Societal preferences for granting orphan drugs special status in reimbursement decisions

Vivian Reckers-Droog*, Lucas Goossens, Job van Exel, Werner Brouwer

*Corresponding author for this work

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Abstract

Background: Orphan drugs, for patients with a rare disease, are increasingly available but often do not meet standard cost-effectiveness criteria for reimbursement. Consequently, policymakers regularly face the dilemma whether to relax these criteria for reimbursing orphan drugs. We examined whether—and why—there would be societal support for such differential treatment of orphan drugs. Methods: We conducted a labelled discrete choice experiment in a sample of the adult population (n = 1,172) in the Netherlands. Respondents were presented with ten choices on whether to reimburse an orphan drug given that a non-orphan drug with similar characteristics would not be reimbursed, because it was not cost-effective, and asked to explain their choices. We used random-intercept logit regression models and inductive coding for analysing the quantitative and qualitative data. Results: Of the respondents, 36.4% consistently chose for reimbursing the orphan drug, mostly because “everyone is entitled to live a healthy life and good quality healthcare”, and 17.3% consistently for not reimbursing the orphan drug, mostly because “[this] is unfair to patients with a common disease”. The remaining 46.3% made alternating choices and were more likely to choose for reimbursing orphan drugs when patients were aged between 1 and 70 years, had moderate disease severity, and considerable health gain from treatment. Conclusions: This study finds considerable support but also strong preference heterogeneity amongst members of the public in the Netherlands for differential treatment of orphan drugs in reimbursement decisions, when these drugs do not meet common cost-effectiveness criteria. However, a substantial minority opposes differential treatment, mostly on moral grounds.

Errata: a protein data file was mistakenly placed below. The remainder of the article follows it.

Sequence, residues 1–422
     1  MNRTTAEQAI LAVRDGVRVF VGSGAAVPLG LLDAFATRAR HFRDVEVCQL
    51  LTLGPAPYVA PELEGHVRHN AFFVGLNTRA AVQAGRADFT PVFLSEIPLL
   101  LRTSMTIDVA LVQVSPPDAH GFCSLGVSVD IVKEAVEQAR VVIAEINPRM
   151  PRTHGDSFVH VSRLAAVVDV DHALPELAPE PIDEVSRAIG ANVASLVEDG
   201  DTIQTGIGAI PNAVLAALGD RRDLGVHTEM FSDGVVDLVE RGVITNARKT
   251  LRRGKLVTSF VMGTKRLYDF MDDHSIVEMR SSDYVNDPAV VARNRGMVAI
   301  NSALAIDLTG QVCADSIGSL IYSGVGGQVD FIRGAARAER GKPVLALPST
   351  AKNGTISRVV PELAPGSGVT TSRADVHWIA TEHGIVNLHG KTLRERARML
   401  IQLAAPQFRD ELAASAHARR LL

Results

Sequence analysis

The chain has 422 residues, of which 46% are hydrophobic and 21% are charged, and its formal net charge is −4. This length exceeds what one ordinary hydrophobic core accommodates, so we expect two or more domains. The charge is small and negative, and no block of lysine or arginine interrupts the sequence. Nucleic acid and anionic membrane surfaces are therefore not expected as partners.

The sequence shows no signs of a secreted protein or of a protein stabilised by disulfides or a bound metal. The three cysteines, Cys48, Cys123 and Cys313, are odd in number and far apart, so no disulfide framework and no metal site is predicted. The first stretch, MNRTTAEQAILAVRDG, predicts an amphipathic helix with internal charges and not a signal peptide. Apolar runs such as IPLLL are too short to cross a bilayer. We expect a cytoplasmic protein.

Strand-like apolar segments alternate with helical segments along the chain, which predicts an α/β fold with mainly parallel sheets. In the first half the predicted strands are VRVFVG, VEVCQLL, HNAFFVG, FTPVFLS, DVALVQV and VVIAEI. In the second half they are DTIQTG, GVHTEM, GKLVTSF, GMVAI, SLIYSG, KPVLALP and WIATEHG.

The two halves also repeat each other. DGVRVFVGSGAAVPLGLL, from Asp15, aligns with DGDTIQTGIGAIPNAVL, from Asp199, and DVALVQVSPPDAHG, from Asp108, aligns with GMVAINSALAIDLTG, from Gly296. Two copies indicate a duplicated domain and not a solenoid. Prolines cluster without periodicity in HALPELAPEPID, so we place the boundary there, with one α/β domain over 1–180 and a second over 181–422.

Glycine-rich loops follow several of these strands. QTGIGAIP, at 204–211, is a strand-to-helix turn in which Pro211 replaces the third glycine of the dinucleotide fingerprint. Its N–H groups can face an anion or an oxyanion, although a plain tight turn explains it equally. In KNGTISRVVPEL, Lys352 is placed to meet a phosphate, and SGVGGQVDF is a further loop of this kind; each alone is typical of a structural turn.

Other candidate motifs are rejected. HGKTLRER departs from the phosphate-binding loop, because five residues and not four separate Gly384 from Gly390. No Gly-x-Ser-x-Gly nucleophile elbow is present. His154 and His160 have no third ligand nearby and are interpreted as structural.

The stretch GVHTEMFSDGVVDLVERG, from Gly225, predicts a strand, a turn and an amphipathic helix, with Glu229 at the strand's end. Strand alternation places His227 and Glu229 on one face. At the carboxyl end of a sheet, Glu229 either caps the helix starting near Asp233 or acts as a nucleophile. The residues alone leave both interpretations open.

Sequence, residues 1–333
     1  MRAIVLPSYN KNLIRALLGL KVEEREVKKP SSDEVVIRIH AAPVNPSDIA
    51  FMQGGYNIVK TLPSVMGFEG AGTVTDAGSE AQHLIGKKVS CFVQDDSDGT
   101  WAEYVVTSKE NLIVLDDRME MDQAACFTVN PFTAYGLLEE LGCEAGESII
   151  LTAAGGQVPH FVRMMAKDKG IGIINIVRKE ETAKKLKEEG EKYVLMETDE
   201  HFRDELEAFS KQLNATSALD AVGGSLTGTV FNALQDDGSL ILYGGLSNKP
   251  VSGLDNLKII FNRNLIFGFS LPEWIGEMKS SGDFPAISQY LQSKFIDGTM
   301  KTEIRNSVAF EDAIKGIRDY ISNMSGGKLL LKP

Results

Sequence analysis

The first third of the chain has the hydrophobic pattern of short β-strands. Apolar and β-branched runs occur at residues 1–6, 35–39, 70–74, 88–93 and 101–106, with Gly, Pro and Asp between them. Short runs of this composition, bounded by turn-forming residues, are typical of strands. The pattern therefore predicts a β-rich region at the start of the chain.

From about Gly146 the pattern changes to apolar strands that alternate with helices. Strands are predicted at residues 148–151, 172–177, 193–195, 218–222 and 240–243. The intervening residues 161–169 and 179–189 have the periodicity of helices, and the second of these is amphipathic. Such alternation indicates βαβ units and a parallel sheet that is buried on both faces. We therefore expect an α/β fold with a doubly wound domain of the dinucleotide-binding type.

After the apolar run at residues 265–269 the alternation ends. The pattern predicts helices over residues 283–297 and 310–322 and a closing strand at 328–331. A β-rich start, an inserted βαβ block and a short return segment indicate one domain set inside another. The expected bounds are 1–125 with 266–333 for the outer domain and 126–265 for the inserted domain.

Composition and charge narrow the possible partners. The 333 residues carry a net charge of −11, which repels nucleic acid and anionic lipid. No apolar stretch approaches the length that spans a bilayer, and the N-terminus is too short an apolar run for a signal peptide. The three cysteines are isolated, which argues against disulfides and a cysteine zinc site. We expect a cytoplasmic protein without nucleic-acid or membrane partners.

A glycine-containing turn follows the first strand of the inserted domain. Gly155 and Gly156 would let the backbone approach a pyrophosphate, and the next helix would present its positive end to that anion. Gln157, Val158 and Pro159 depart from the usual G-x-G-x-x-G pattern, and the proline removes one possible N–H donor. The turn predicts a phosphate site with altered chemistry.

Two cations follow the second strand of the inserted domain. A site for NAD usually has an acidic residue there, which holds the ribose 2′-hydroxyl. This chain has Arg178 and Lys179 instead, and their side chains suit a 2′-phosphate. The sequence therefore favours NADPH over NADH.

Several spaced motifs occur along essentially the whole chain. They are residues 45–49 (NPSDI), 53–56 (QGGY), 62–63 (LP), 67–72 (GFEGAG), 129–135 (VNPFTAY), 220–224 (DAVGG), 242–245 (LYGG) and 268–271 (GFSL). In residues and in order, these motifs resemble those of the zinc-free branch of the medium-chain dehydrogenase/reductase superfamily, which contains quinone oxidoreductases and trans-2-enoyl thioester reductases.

Original languageEnglish
Article number100870
JournalHealth Policy and Technology
Volume13
Issue number2
DOIs
Publication statusPublished - Jun 2024

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© 2024 Fellowship of Postgraduate Medicine

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